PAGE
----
Disclosure of the information pertaining to the three most important programmes pursued by Saab Kockums was the most expected content during this year’s Saab seminar on submarines, organized on 3rd September. The programmes in question include the A26 class for the Swedish Navy, submarines for the Netherlands’ Navy, and the gap filler solution for the Polish Navy. Points not mentioned would be easier to list than the issues covered during the aforesaid seminar.
Webinars have become a fixed element of the Saab’s undertakings these days. Usually, three separate online conferences are held, covering the priority programmes pursued by the Swedish company. In March the seminar usually covers the Gripen MRCA, the September seminar covers the submarines, while the November one covers the sensors, primarily - the radars.
This year’s conference on the submarines took place on 3rd September 2020. It differed from the previous editions, as no specific information of any sort was provided. The seminar involved a brief presentation of the warship industry in post-War Sweden. Rear Admiral Eva Skoog Haslum, the commander of the Swedish Navy, also recalled the important role that the submarines play in the Swedish defence system and the methodology of putting them into use in modern navies, a movie clip was played, showcasing the Saab Kockums facility, and, finally, a general mention was made with regards to the Saab’s business intentions related to:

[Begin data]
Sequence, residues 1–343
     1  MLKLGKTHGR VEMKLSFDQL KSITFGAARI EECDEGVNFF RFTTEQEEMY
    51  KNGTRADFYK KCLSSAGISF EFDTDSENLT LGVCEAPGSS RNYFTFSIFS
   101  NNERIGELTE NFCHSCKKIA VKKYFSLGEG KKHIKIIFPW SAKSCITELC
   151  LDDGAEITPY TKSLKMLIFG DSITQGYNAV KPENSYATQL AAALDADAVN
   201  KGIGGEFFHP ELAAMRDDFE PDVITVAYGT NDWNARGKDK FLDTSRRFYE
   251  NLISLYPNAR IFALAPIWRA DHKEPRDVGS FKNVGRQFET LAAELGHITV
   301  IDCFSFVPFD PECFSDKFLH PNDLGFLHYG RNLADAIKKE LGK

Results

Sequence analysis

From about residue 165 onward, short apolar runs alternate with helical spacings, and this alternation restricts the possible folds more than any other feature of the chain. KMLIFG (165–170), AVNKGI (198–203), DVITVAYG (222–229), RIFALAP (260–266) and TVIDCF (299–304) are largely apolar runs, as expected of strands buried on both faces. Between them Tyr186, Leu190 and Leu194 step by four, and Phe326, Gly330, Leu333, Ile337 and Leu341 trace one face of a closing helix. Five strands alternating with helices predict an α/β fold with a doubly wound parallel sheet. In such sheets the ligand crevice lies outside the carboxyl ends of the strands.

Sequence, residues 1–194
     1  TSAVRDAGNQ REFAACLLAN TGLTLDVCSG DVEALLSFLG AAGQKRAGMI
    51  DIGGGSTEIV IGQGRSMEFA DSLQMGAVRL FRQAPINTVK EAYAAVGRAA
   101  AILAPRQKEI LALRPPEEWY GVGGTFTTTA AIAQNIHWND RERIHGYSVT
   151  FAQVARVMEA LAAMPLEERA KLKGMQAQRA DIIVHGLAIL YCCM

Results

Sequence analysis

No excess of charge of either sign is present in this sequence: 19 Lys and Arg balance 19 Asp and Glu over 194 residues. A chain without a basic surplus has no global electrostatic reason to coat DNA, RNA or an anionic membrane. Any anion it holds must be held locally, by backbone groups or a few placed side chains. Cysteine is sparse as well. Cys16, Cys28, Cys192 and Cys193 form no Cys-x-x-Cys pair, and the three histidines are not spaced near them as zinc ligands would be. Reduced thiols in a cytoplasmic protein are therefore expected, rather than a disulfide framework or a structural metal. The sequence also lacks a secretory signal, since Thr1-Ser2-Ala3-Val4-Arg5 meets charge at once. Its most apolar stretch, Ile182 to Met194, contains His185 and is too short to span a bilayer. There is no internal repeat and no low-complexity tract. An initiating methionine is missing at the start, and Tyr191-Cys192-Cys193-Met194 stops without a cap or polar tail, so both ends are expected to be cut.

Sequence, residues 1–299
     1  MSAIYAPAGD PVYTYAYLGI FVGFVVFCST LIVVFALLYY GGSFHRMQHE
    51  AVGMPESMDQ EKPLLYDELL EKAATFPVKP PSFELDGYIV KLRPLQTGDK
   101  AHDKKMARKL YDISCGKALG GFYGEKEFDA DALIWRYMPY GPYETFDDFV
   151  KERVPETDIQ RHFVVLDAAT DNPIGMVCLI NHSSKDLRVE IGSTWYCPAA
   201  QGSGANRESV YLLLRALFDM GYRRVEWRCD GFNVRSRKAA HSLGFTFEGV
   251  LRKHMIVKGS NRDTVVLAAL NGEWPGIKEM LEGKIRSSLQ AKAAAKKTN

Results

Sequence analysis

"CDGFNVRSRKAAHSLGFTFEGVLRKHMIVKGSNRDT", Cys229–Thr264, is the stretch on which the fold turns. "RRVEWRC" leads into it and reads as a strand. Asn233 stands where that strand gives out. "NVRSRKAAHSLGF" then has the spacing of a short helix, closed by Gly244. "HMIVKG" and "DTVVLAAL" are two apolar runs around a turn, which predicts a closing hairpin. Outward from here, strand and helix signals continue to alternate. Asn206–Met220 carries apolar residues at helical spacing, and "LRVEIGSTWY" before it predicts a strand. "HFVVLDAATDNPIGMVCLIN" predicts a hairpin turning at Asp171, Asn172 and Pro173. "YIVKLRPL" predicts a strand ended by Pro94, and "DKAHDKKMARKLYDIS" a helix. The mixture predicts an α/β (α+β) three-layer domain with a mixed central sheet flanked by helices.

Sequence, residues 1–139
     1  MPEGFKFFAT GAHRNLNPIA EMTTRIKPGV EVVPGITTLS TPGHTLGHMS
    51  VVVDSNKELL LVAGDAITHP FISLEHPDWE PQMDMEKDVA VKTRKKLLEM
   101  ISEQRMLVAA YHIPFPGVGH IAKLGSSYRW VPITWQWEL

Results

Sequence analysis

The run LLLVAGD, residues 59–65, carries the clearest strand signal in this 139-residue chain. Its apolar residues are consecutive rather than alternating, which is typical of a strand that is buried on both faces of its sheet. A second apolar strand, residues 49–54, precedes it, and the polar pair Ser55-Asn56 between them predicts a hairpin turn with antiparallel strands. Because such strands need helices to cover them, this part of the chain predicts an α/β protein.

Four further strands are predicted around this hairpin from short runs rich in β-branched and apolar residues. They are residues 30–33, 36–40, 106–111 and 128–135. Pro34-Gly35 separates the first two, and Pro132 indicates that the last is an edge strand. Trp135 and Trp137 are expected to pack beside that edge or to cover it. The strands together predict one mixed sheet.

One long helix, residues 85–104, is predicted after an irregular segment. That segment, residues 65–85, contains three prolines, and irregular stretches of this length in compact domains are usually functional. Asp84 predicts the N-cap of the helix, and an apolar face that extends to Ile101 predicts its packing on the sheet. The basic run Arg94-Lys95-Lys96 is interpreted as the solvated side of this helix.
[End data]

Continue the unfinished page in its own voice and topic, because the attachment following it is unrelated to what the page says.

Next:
The reserved stance when it comes to releasing of the details on advancements of the A26/Blekinge new generation submarine programme was the most surprising thing about the conference held on 3rd September 2020, as this is the flagship program pursued by Saab Kockums. The most important innovations of this vessel have been recalled, as well as the ones implemented on the A19/Gotland submarines. The innovative solutions listed included the following elements: AIP system (Stirling engine), non-penetrating mast, and the cylindrical MMP (Multi-Mission Portal) between the torpedo tubes that expands the SOF mission capability and the range of autonomous and remotely controlled underwater vehicles that the submarine could employ.
Alongside the generally known information on those vessels, no groundbreaking data was disclosed. No references were made with regards to advancements made in the case of the first A26 vessel that was presented in a visual form back in 2019.
This could mean that the level of advancement in this programme has not changed over the last year, while the programme itself could be suffering from some delays. Furthermore, if the movie clip showcased by Saab during the seminar, on the Saab Kockums facility, was shot recently, the delay may be significant (up to a few years). The clip has only shown the integrated stern section of the submarine and assembled engine/auxiliary section. Meanwhile, it needs to be said that the first A26 sub has been in construction since the mid-2015. If we refer to the previous schedule, at the current stage the hull assembly should be completed, with the hull being subjected to finishing works, while some of the onboard systems should begin testing already.